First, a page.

« Continue Browsing

e-mail article Print     e-mail article E-mail

Ryan Bakken / Forum News Service, Published November 11 2013

Grand Forks product competes in U.S. Curling Trials

Fargo - Brady Clark didn’t become an elite-level curler until after he spent his first 21 years living in Grand Forks.

Yet, the skip of the Washington men’s team competing in the Olympic Trials, being held this week at Scheels Arena credits his roots in the sport for his recent successes.

“I grew up when Grand Forks had strong competitors in curling,” he said Monday. “I saw these people performing at a high level and I asked myself, ‘Why not me?’”

Now living in a Seattle suburb, the 36-year-old Clark has teamed with wife Cristin for nine traditional mixed national titles and three mixed doubles titles. And, in February, his men’s team won the U.S. national title for the first time.

This week’s third consecutive appearance in the Olympic Trials hasn’t gone nearly as well. His rink’s record is 0-3 in the double round-robin competition, meaning the best it can go is

5-3, which would be a long shot to qualify for the two-team championship round.

“We need to rattle off five in a row and get help,” Clark said. “We were 7-0 at nationals in February against the exact same teams.”

Although not sounding optimistic about winning the Trials after the 0-3 start, he said he’s still excited about the experience.

“It’s a lot of fun to think of yourself as a possible Olympian,” he said.

Claude “Spike” Spicer, his Viking Elementary fourth-grade teacher, introduced the sport to Clark and many other students. Clark said he was further influenced by Shirley and Don Barcome, other builders of the youth program then.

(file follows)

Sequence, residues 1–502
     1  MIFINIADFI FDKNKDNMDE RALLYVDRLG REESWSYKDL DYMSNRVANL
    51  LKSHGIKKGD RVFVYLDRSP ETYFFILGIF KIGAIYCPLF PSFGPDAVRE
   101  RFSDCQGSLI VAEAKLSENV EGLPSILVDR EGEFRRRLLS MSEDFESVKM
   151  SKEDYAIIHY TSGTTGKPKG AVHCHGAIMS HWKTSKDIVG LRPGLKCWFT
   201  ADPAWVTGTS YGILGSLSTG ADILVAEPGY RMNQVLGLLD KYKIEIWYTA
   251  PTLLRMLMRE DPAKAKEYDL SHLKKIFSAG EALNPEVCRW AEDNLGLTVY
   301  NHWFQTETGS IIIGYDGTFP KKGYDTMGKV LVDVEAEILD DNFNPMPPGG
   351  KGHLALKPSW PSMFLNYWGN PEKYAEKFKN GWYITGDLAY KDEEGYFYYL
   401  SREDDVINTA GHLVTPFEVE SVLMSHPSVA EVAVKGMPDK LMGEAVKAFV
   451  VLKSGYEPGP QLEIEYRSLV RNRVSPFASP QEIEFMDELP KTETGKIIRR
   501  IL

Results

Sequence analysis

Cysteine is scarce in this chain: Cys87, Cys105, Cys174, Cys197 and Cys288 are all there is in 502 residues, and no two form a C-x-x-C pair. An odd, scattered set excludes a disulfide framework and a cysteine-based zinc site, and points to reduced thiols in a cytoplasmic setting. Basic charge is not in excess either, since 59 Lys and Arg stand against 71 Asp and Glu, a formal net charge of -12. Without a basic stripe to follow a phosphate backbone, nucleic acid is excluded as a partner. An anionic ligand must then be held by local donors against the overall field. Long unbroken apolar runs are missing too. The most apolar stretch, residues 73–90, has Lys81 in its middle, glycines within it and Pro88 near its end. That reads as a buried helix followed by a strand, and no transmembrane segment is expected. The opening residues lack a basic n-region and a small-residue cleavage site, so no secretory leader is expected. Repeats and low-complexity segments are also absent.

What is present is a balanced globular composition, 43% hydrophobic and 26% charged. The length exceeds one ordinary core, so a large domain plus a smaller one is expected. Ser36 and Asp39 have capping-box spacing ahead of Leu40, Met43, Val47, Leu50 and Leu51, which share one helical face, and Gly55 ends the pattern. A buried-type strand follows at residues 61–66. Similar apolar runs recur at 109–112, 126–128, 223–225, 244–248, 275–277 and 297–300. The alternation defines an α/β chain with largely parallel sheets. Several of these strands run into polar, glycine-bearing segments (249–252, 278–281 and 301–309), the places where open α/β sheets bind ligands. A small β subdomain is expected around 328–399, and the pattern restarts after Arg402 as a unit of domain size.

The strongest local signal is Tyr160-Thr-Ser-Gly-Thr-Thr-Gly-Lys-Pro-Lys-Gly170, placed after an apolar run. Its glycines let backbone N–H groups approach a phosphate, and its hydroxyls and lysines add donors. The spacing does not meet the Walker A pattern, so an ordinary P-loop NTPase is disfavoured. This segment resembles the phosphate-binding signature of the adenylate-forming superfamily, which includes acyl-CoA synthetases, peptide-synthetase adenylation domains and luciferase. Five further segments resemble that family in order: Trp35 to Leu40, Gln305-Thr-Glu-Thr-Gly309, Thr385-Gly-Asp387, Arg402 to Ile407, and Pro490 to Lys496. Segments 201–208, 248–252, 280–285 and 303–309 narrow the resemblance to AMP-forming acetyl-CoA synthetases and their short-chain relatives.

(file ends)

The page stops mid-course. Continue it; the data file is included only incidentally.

Another career boost from the family came when Don Barcome Jr. invited Clark to join him in the 1999 world competition in St. John, New Brunswick. Clark’s job was to escort Barcome’s parents.

“I was there, soaking it all in, seeing what the competition was like at the world level,” Clark said. “It was quite the experience for a 21-year-old.”

Wife Cristin, 2-year-old son Sean and his parents are in Fargo, soaking in the atmosphere to cap off a year when Clark was named USA Curling’s Male Athlete of the Year.

“Brady’s dedication to curling stands out,” said his father, Merlin Clark. “He does everything he needs to do and practices pretty much every day. Curling consumes a lot of their time.”

Cristin, who married Clark 14 years ago, has a similar passion for the sport. She also was attending UND when they met at the Grand Forks Curling Club.

It didn’t take them long to team up on two levels. They quickly became teammates that won a national collegiate title team and were engaged six weeks after meeting.

“We both like lifetime sports, where it’s about both fitness and strategy,” Cristin said. “Plus, we can do it together.”

Other UND ties

In addition to Clark, other Trials’ competitors with local ties are three former UND students. They are:

– Joe Polo, the second on the Pete Fenson team of Bemidji. By winning the 2006 bronze medal, the team became the first USA curling team to win an Olympic medal. Polo grew up in Bemidji, but now lives in Duluth.

– Steph Sambor, lead on the Cassie Potter rink of Bemidji. Sambor is from Minot, but now lives in St. Paul.

– Natalie Nicholson, second on the Allison Pottinger of Eden Prairie, Minn. Nicholson lives in Bemidji

Bakken writes for the Grand Forks Herald